November 2 Energy News

November 2, 2015


¶ “Renewables key in race against climate change clock” • Humanity has dithered for so long in the fight against global warming that the window of opportunity for decarbonizing the global economy fast enough to avoid devastating climate change is barely ajar. And fossil fuels get four times the subsidies of renewables. [The Nation]

Wind turbines and sustainable transportation

Wind turbines and sustainable transportation


¶ Figures from China’s National Energy Administration proclaim that the country installed 9.9 GW of new solar PV capacity in the first nine months of 2015. The National Energy Administration says China new solar PV capacity so far this year included 8.32 GW in solar PV power stations and 1.58 GW of distributed PVs. [CleanTechnica]

¶ Around 8.5 million diesel vehicles sold by Volkswagen over the past few years in Europe will be recalled, following the testing scandal of a few weeks ago, according to reports. A recall timeline has bee approved. The company is apparently currently considering the option of simply buying back affected vehicles in the US. [CleanTechnica]

¶ The Scottish government has approved Statoil plans for the 30-MW Hywind 2 floating offshore wind project some 25 km off Peterhead. The Norwegian company was issued with a marine licence to build five Siemens 6-MW turbines on spar foundations. Statoil plans for final commissioning of the project before end-2017. [reNews]

Hywind 1 off Norway. Statoil Image.

Hywind 1 off Norway. Statoil Image.

¶ Bio2Watt is producing power from its first plant at a Beefcor feedlot in Bronkhorstspruit, South Africa, making it the country’s first viable commercial biogas project. The plant produces 4.4 MW, but that could be increased to 10 MW in the future. Most of the power it produces is going to a BMW plant in Rosslyn, Pretoria. [Independent Online]

¶ The Australian Financial Review told readers that South Australia’s large renewables share could cause blackouts. There were blackouts. They blamed renewable energy for volatile power prices that were spiking to A$13,800/MWh (A$1.38/kWh). As it turns out, the problems were caused by aging equipment. [Business Spectator]

¶ Africa’s largest solar car park opened recently at the Garden City Mall in Nairobi. It aims to cut carbon emissions by 745 tonnes annually from non-renewable energy sources. The car park has a total of 3,300 solar panels, which are capable of generating 1,256 MWh of electricity annually. It also provides shade to the cars. [The Straits Times]

Photo: Agence France-Presse

Photo: Agence France-Presse

¶ The UK’s climate change credentials are under fire again after it emerged it had spent £2.2 billion in poor countries to help build coal power plants and other fossil fuel energy projects responsible for global warming. That is more than double the £1 billion spent on cleaner, renewable sources of power in developing countries. [Financial Times]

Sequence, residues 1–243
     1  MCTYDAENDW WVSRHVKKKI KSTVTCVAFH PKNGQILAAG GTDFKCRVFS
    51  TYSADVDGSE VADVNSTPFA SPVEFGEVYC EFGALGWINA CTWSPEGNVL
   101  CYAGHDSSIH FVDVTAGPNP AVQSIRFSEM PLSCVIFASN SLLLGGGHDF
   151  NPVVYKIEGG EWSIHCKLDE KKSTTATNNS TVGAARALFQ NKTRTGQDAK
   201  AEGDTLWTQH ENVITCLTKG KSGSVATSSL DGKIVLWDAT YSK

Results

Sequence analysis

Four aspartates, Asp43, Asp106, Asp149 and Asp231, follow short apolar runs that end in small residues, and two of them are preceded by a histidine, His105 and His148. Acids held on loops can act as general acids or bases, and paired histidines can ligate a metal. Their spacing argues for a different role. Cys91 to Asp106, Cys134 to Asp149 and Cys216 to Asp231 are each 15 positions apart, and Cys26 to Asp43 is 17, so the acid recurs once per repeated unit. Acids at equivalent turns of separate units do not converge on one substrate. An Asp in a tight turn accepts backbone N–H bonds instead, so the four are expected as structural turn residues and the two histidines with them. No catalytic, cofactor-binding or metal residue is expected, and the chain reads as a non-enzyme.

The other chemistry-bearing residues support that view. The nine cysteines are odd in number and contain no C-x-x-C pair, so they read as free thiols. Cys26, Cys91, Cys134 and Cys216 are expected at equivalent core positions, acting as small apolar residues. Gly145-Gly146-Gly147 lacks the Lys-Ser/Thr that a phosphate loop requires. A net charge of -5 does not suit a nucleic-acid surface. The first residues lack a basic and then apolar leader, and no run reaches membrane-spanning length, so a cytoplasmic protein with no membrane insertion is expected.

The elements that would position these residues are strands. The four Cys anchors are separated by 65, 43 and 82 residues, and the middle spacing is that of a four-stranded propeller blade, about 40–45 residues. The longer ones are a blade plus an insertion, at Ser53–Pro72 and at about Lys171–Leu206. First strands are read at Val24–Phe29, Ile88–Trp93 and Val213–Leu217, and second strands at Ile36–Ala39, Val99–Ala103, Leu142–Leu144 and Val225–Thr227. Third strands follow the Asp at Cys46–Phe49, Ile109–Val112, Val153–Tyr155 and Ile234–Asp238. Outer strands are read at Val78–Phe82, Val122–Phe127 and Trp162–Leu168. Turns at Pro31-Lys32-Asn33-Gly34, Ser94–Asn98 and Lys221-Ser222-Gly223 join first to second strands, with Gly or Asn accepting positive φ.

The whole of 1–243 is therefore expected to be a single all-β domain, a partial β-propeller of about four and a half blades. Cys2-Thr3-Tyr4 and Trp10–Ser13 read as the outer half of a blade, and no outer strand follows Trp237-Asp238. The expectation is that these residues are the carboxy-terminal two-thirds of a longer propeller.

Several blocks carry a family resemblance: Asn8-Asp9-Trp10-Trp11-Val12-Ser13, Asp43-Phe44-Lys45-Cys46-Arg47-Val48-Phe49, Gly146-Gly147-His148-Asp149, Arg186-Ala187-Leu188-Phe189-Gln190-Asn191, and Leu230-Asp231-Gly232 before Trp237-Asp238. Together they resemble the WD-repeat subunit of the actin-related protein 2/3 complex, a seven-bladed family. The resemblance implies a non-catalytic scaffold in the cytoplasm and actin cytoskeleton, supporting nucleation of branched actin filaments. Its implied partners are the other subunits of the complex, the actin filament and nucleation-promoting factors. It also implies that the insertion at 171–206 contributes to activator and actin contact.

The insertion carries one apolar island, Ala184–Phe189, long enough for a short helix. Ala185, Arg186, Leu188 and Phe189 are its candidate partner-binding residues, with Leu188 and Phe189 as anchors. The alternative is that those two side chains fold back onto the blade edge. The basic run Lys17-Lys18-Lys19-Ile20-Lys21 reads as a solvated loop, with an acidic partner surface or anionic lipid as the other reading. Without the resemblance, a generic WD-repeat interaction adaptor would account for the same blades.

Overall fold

¶ Kyushu Electric Power Co said the No 2 reactor of its Sendai nuclear plant began full-capacity operation on Sunday, with its thermal output reaching the maximum level, about two weeks after it was reactivated. The reactor will be in commercial operation after examinations by the Nuclear Regulation Authority. [The Japan News]


¶ Public Service Electric and Gas Company is halfway through the construction of a 12.93-MW community solar farm at the closed L&D Landfill in Burlington County, New Jersey. The facility is on property of over 50 acres in three communities. It will be made up of 41,720 solar panels and will become operational later this year. [reNews]

PSE&G's Jacksonville solar facility (PSE&G image)

PSE&G’s Jacksonville solar facility (PSE&G image)

¶ Hanwha Q Cells USA Corp said start construction of a new 170-MW solar plant in the US after sealing a power purchase agreement with Austin Energy. The company says the solar plant will be built on roughly 580,000 square meters of land in western Texas to generate enough electricity to supply around 1 million people. [The Korea Herald]

¶ While New Jersey is stepping up its reliance on natural gas, most residents would instead prefer it ramp up its use of renewable energy, such as solar and wind, according to a recent poll. More than three-quarters of those responding said they favor a pending bill that would require a target of 80% renewables by 2050. [NJ Spotlight]

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